The surgeon must work with the X-ray technician in the taking of the films so that as he visualizes the two films at right angles to each other he can better correlate these films and know exactly where to make the incision and how deep he must go in order to come upon the foreign body.
In cases where the entry wound is healed or otherwise not detectable, the surgeon selects an appropriate point near the desired targeting site, potentially near the possible site of entry, and forms a targeting mark on the patient's skin with a suitable permanent marking pen or surgical pen. The targeting circle or eye 20 is then aligned with the surgeon's mark to achieve desired alignment of the respective grid images.
In many instances, the location of the embedded foreign object will fall within the rectangular opening 18. This does not present a problem, however, as the adjacent grid lines may be manually or otherwise projected across the opening with required accuracy when performing analysis and measurements from the finished images. In certain cases, there are observational advantages to be derived from positioning the rectangular opening to include the expected site of the foreign object. Very small objects, in particular, will thus not be masked by the grid elements.
In certain circumstances it may prove necessary to take an X-ray in which the screen is positioned between the body part and the X-ray source. For example, if a patient is not capable of being turned or rotated, the X-ray would be taken in this manner. The X-ray source would then be rotated for a second x-ray. This is not the preferred method and may present certain difficulties. The further the grid is from the film, the more likely the resulting grid pattern will be distorted. The surgeon will have to make accommodations when planning the incision to compensate for the resulting distortion.
The procedure of the invention requires an absolute minimum of additional equipment. A suitable selection of simple grid screens, appropriate for various injury sites, is all that is necessary. Yet the benefits realized are extraordinary indeed. The removal of small bodies or objects, deeply embedded in the body can be extremely difficult and time consuming, even with the aid of conventional pre-operative X-ray images. With the device and procedure of the invention the object can be precisely located in the body, and an optimum incision site and surgical technique can be pre-planned. As a result, the time required to find and remove the object typically is reduced to a fraction of that conventionally needed. Further, the invention may be used for humans or animals.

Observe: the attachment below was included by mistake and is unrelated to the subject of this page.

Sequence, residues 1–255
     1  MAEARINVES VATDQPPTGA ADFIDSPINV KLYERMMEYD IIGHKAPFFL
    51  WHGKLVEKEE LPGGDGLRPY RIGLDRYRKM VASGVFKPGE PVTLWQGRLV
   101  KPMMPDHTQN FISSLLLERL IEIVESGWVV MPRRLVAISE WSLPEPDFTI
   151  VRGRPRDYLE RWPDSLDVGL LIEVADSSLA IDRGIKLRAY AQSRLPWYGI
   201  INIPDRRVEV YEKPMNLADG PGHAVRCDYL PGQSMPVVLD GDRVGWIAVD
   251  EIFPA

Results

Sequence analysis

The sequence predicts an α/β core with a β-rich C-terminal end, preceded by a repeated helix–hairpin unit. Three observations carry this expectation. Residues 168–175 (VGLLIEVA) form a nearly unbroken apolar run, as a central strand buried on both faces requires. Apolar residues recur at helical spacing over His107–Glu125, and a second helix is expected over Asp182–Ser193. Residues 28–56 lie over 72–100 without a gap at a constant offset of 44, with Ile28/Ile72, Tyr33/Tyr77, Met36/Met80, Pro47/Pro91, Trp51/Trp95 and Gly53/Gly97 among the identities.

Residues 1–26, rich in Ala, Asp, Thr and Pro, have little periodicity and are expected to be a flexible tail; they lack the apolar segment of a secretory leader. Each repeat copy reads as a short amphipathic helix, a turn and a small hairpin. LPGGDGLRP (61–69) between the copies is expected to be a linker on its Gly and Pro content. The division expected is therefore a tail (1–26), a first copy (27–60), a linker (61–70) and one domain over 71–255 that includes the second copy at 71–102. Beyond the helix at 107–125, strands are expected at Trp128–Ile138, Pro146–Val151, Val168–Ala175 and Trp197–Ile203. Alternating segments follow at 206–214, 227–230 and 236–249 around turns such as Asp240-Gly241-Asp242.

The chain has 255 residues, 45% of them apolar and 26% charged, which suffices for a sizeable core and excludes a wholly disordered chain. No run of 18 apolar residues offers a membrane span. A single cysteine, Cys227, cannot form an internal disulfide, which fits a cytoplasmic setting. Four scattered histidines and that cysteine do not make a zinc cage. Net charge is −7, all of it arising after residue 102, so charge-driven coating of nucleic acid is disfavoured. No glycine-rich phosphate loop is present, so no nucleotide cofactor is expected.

The device and procedure of the invention are characterized by simplicity and economy, yet the results achieved are truly remarkable in terms of minimizing both surgical effort and patient trauma.
It should be understood, of course, that the specific form of the invention herein illustrated and described is intended to be representative only, as certain changes may be made therein without departing from the clear teachings of the disclosure. Accordingly, reference should be made to the following appended claims in determining the full scope of the invention.
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|U.S. Classification||600/426, 33/512, 378/164|
|International Classification||A61B19/00, A61B6/12, G01B15/00|
|Cooperative Classification||A61B90/39, A61B6/508, G01B15/00, A61B6/12|
|European Classification||A61B6/12, G01B15/00|
|Jul 24, 1997||FPAY||Fee payment|
Year of fee payment: 4
|Jul 26, 2001||FPAY||Fee payment|
Year of fee payment: 8
|Aug 31, 2005||REMI||Maintenance fee reminder mailed|
|Feb 15, 2006||LAPS||Lapse for failure to pay maintenance fees|
|Apr 11, 2006||FP||Expired due to failure to pay maintenance fee|
Effective date: 20060215